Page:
If you find yourself between Albuquerque and Santa Fe, I highly recommend turning off I-25 for a little hike at Kasha-Katuwe Tent Rocks National Monument. With its brilliant white cliffs and unique cone-shaped tent formations we felt like we were walking into a fairytale. The name Kasha-Katuwe means “white cliffs” in the traditional language of the Pueblo de Conchiti. We’ve been lucky to visit many of the geological wonders of the US Southwest, but this small, little-known place holds its own among the big names. Tent Rock’s two short hiking trails are loaded with amazing rock formations, mesa-top views, and a beautiful slot canyon.
Since I’m usually drawn to hikes that “go up to the top”, we set out first on the Canyon Trail. It’s a 3 mile (4.8 km) out and back trail that winds its way through a narrow slot canyon and rises about 630 ft (192 m) to a mesa top with wonderful views down to the tent formations and across to the Sangre de Cristo and Jemez mountains. It’s a well-trodden trail, although not busy on a midweek morning in September. If you’re in moderate shape, it’s not difficult and barely long to work off a burrito, which we consumed in abundance while staying in Santa Fe.
The scenery along the route is stunning with the added bonus that the trail travels through a slot canyon. We don’t have slot canyons in the Pacific Northwest, and being able to scramble through one these narrow, smoothly-curved beauties always fills me with child-like glee. The photo below is coming down the canyon on the return journey and gives the illusion that it’s quite precipitous. Don’t let it scare you.
As we continued uphill beyond the slot canyon, we got a completely different perspective being among the “tents”, and eventually looking down on them. The tent rocks range in height from a few feet to 90 ft, and are the result of volcanic eruptions 6-7 million years ago.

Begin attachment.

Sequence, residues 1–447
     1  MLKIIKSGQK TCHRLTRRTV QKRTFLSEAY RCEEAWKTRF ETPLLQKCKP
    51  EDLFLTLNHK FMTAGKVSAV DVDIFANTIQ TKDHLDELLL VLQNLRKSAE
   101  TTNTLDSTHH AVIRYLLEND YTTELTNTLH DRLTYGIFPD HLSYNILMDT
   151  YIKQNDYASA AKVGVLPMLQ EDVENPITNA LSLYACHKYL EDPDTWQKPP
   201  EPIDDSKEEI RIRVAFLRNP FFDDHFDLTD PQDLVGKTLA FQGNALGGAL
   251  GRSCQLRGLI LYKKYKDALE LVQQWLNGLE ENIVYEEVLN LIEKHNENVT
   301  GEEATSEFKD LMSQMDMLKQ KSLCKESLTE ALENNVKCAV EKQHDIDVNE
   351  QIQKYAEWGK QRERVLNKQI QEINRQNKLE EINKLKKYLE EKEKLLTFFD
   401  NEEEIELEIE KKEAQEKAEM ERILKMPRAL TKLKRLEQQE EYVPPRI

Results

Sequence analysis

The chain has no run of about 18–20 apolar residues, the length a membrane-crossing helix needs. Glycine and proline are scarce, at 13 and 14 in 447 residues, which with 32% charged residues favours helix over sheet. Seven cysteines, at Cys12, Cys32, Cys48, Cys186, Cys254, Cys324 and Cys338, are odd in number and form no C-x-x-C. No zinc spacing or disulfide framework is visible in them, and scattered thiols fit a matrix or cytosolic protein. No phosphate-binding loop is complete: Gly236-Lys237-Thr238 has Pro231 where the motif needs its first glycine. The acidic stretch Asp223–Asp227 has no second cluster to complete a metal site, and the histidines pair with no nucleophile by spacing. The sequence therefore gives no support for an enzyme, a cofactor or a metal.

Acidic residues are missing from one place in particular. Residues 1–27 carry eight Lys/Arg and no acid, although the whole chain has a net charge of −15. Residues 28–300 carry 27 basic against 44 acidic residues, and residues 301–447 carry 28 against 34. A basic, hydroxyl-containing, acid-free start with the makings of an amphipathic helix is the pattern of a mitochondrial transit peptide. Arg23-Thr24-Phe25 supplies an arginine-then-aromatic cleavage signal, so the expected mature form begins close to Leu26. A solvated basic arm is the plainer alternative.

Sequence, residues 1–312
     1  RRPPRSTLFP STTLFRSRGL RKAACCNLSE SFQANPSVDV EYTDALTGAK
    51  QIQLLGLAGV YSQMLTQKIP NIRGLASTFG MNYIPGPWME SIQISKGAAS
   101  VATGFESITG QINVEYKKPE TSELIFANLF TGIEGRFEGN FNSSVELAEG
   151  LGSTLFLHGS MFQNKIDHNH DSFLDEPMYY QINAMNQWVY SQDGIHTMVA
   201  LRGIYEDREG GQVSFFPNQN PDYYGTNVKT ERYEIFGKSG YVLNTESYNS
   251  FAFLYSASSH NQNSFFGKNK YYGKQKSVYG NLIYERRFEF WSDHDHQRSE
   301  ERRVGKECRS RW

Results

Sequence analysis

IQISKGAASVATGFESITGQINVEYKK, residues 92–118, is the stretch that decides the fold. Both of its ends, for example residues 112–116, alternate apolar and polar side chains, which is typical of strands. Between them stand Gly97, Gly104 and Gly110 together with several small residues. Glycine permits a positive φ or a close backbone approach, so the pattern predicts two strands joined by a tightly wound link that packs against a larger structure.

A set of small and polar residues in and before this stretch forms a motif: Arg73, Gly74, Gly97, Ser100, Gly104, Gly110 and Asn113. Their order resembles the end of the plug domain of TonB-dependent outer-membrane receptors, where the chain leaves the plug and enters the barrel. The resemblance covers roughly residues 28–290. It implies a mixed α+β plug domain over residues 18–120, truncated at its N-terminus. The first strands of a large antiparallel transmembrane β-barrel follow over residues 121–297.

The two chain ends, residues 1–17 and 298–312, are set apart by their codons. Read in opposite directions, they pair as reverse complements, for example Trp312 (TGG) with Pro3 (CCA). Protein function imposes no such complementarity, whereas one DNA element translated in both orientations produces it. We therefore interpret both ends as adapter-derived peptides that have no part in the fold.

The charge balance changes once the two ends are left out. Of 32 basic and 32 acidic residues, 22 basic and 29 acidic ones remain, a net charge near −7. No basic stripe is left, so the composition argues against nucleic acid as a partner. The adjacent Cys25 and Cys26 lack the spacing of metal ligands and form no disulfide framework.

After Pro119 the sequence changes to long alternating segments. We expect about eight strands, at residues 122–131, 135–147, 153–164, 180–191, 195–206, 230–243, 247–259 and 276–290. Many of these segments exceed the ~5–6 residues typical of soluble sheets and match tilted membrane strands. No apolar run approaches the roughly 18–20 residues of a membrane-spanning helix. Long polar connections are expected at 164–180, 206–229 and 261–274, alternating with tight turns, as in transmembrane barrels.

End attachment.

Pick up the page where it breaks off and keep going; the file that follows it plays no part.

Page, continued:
The expansive views to the surrounding high desert are magnificent, and we enjoyed a little rest on a perfect rocky perch before heading down.
Cave Loop Trail
The 1.2 mile (2 km) Cave Loop Trail is great on its own if you’re looking for an easier hike with little elevation gain. It intersects the Canyon Trail about half a mile from the parking area, so it also makes a nice add on. It’s name comes from a small human-formed cave carved into the volcanic rock, but for me the highlight was the “village” of perfectly formed tent rocks and walking along the edge of the white cliffs. The dark clouds of an approaching thunderstorm made the white cliffs look particularly dramatic.
Kasha-Katuwe Tent Rocks National Monument is located about 40 miles south west of Santa Fe, off I-25 and makes an outstanding half day excursion. Although the trails are easy, they offer little shade and can get very hot. Bring water, a hat, and enjoy the remarkable geology of Tent Rocks!